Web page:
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December 8, 2014

WarioWare: D.I.Y. (Part 3)

Thanks everyone! Planned All Along has officially reached 70,000 views!

Read Part 1 of this review here and Part 2 here.

So much stuff to do... Oh, hello again! Today, we finish discussing one of the WarioWare games with the best gimmick of all: You make your own microgames! In the past posts, I took a good look at the Tutorials, the Studio and the Shop. We're getting close to the end of this review of the DS game. This Friday, I will discuss the WiiWare game that “completes” WarioWare D.I.Y., titled Showcase. But for now, we still have to check the Distribution Center and the Option Garage. Shouldn't be too long, right?

A center that looks like a pile of cheap carton boxes.
...Makes sense to me!
When you enter the Distribution Center (which I won't shorten to DC even though you can manufacture comics), you get three options: Wii, DS or WFC. When you select Wii, the game will seek out any nearby Wii on which WarioWare D.I.Y. Showcase is being played. From there on, you're allowed to ship games, records or comics. There are shelves in Showcase, which can contain up to 72 items each. If you want to fill everything, you need to create no less than 162 items for each section! That is a LOT.

All you have to do is select the item you want to send (one at a time – yeah, it sucks. What do you want to do, nothing's perfect), then send it. You'll see a diver sending a package to the little island in WarioWare D.I.Y. Showcase. ...Oh yeah, it's an island. I forgot to mention that? No worries, I will explain in greater detail in the next post. You can also receive stuff from Showcase. As if that wasn't enough, you are not limited to one WarioWare D.I.Y. Showcase to send the products to, either. You can ship your products to any D.I.Y. Showcase around. That's pretty cool. A friend of yours could buy the WiiWare game and then you could send him/her most of the games you've created. Oh, and the records and comics, too.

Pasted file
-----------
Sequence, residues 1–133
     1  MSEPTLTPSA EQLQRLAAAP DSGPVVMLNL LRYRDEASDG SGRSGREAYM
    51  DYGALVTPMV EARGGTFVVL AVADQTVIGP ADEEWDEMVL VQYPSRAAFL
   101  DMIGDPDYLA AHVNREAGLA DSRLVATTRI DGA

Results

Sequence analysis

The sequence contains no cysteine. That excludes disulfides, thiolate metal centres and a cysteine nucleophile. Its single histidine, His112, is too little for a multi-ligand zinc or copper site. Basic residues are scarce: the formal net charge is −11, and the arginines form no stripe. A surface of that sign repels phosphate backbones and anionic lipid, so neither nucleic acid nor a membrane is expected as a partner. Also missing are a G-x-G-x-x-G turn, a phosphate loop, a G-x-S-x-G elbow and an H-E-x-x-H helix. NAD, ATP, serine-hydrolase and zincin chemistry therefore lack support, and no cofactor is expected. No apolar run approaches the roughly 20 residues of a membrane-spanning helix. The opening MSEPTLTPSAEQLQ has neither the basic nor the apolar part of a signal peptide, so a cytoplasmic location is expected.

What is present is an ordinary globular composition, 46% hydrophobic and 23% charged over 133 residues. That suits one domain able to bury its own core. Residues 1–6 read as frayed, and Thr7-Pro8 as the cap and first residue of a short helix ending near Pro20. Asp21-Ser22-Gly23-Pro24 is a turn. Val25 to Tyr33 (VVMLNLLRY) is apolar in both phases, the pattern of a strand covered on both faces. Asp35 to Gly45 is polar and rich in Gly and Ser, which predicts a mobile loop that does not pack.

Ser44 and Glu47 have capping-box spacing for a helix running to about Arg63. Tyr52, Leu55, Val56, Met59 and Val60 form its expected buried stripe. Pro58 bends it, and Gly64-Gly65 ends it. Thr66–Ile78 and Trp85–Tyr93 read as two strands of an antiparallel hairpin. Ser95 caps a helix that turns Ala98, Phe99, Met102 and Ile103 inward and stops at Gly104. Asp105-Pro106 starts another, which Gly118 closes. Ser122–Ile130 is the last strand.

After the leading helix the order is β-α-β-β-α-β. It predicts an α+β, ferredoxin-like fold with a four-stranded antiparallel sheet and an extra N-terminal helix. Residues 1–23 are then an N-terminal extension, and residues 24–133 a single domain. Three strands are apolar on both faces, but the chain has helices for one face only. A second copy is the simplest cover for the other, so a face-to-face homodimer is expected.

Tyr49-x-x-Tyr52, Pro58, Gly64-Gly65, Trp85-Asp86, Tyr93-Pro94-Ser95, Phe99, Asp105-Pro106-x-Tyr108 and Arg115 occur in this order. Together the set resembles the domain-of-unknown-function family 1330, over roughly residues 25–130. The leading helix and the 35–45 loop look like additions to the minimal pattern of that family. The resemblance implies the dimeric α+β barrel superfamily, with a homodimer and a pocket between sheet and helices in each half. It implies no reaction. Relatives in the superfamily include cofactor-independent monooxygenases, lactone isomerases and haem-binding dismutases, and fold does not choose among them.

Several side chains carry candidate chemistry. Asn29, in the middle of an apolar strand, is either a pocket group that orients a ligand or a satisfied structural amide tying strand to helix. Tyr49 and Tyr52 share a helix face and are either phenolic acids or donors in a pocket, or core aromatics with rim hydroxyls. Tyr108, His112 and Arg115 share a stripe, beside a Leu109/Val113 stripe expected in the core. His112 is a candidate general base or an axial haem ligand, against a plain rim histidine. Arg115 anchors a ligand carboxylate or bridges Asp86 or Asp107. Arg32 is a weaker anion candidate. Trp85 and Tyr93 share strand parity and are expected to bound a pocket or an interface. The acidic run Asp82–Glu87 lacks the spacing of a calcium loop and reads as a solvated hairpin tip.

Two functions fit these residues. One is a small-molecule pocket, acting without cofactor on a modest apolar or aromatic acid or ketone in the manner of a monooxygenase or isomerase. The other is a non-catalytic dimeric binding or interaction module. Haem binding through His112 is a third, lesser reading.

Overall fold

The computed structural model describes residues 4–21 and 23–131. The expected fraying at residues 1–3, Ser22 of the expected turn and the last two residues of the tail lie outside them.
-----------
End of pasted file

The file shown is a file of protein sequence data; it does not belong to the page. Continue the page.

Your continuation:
Which kind of genius builds a game company on a FRIGGIN' ISLAND?
The stupid kind, that's which.

As for a trade between 2 DS, obviously both consoles need to have WarioWare D.I.Y.. And while one is the host, the others will join the group for trading. ...If you've ever played a wireless multiplayer DS game, you know the drill. As I said earlier, I never got a chance to try that, which is pretty sad... Though I imagine it's fun.

Then there's the Wi-Fi Connection portion, which contains a few more options. First of all, like many DS games, you could input Friend Codes. When you connected to the Warehouse, it was them possible for you to get the games, records and comics released by the owners of those friend codes. (Note how everything was in the past tense for this paragraph. Take a guess why...) There's also a place to check your WFC Settings.

The other sections include the Warehouse, in which you could store some games, records and comics you've made. People with your Friend Code could then log on to your Warehouse and download the stuff you've made available. That's a pretty neat feature, considering it saves the trouble of connecting to every single person, one by one, to send the same items. You could also pick up the products created by those who gave you their Friend Code.

I just went around gaming forums and included in my game all of the WarioWare D.I.Y. Friend Codes I could find. What? I needed them for some missions! You can say it's an easy excuse and... yeah, it is. Whatever. I never got a chance to truly experiment with the Wi-Fi Connection! Heck, when I bought the game, a lot of gamers had stopped using it anyway! (Again, we have the Pokémon Trade Rule: Only Pokémon is a game famous enough that you'll pretty much always find someone to trade stuff with. Any other game will have much smaller odds of a trade happening, if ever.)

The final section is called the NinSoft Store. It's in there that you could access a design challenge. These Challenges took place in North America between March 28th, 2010 and April 6th, 2011. There were 17 contests in America, while there were 32 in Japan and 15 in Europe. All contests were themed: Sports, Creatures, the four seasons, cute stuff... and so on. The reward for each contests winner? His/her game was featured in the NinSoft Store and could be downloaded by anyone. Again, the WFC was shut down for the DS, so...